The triggers of the two snap elections were greatly different in nature, but equally important: The 2018 elections were about the promise of democratic consolidation while the June 2021 elections are about the future security of the country.
The September to November 2020 war between Azerbaijan and Armenia over Nagorno-Karabakh ended with Armenia agreeing to what many observers in the country perceived as a “humiliating capitulation”, resulting in a shift in the power balance between the two neighbouring countries. After the initial shock of defeat, demonstrators started gathering in Yerevan, Armenia’s capital, demanding the resignation of Pashinyan, calling him a “traitor”, and questioning his ability to provide safety and security to Armenia proper. Despite their best efforts, the demonstrators were not able to gather enough critical mass to force Pashinyan to resign.
In March 2021, however, Pashinyan finally buckled under growing political pressure and hinted that snap parliamentary elections could be held before the end of the year. A month later, he resigned and the National Assembly refused to elect a new PM, officially triggering a snap election.
After the date of the snap election was announced, Armenia’s political landscape witnessed a major whirlwind where existing political parties started coalescing to form electoral blocs. Eventually 26 political groups – four electoral blocs and 22 parties – were officially registered to run. The frontrunners among these groups are Pashinyan’s Civil Contract Party and the main opposition Armenia Alliance headed by former President Robert Kocharyan. According to recent opinion polls, Civil Contract and Armenia Alliance are within a margin of error of each other to take the lead.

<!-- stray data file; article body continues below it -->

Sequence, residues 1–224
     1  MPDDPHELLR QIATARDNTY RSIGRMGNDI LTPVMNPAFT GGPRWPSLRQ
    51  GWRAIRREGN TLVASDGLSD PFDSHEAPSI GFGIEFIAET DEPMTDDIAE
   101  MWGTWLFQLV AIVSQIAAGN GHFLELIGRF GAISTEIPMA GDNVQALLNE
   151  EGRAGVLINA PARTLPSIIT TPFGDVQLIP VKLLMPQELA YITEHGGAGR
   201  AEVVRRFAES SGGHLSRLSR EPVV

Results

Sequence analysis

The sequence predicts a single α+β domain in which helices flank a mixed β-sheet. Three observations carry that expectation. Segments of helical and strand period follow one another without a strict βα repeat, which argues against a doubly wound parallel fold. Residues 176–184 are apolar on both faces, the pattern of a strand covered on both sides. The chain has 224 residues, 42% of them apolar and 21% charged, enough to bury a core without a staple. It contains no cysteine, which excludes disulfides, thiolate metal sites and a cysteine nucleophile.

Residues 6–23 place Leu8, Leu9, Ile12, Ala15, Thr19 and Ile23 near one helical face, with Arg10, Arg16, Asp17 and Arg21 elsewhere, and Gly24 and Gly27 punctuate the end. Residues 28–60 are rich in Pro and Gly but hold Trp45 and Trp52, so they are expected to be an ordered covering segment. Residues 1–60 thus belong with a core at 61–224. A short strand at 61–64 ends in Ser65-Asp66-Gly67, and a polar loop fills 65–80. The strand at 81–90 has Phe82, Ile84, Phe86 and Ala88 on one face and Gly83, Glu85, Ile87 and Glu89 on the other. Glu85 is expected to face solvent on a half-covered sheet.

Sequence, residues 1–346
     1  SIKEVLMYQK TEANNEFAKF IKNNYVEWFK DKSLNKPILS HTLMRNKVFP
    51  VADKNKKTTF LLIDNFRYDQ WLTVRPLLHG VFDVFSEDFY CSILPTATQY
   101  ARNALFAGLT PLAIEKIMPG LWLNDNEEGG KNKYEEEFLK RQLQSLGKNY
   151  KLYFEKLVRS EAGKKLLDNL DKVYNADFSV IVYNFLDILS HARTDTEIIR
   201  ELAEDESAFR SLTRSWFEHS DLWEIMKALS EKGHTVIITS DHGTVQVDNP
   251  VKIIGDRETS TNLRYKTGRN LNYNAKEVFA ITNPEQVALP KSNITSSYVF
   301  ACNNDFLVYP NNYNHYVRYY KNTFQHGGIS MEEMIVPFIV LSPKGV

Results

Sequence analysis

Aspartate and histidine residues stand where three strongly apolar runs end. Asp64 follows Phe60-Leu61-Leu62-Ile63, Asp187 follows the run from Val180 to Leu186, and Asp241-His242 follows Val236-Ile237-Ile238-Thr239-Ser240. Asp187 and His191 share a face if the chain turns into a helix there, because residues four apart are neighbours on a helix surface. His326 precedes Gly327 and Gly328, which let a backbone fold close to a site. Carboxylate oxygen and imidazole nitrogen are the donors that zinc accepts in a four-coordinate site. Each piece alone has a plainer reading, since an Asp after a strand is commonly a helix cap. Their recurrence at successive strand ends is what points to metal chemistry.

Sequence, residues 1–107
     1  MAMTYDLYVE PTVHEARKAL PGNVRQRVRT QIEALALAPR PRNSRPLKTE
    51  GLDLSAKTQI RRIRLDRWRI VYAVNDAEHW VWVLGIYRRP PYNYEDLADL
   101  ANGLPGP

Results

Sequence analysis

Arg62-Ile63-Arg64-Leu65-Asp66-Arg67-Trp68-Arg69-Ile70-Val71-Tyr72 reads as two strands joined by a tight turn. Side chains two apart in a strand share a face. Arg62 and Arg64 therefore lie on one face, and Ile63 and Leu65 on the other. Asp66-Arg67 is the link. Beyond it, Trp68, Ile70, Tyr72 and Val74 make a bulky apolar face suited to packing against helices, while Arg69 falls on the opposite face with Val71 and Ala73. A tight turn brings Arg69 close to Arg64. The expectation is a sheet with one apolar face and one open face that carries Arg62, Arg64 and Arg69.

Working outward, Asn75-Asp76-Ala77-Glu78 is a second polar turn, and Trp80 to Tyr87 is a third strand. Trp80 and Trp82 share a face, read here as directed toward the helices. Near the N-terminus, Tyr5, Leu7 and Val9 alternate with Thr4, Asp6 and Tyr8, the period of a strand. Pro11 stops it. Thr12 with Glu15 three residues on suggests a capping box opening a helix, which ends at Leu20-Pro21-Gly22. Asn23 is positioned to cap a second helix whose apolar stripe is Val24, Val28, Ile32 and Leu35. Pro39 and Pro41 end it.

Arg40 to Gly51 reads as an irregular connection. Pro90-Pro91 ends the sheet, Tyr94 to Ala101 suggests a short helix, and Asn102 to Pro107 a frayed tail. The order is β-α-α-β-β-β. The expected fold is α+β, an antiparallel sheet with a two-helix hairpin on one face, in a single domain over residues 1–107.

Many contenders will be taking part in the upcoming snap election for two main reasons. First, the crushing defeat Armenia faced in the war provided an opportunity for various political forces to challenge Pashinyan’s otherwise popular regime. Second, the incumbent administration, which has been in power for less than three years, does not yet have enough control over administrative resources to sway the upcoming election in its favour and make its reelection a foregone conclusion. This second point is especially important because, in almost every election that has taken place in Armenia in the past 25 years, incumbents have managed to utilise administrative resources to guarantee their and their allies’ victory, thus discouraging smaller parties from running.
With most of the parties having already published their electoral platforms, it is clear that the main issues in the June snap election are national security and the future of Armenia’s negotiations with Azerbaijan, especially the negotiations on the border demarcation between the two countries. In recent months, as border tensions between Armenia and Azerbaijan increased, the issue of border security started to dominate the political and public discourse in Armenia.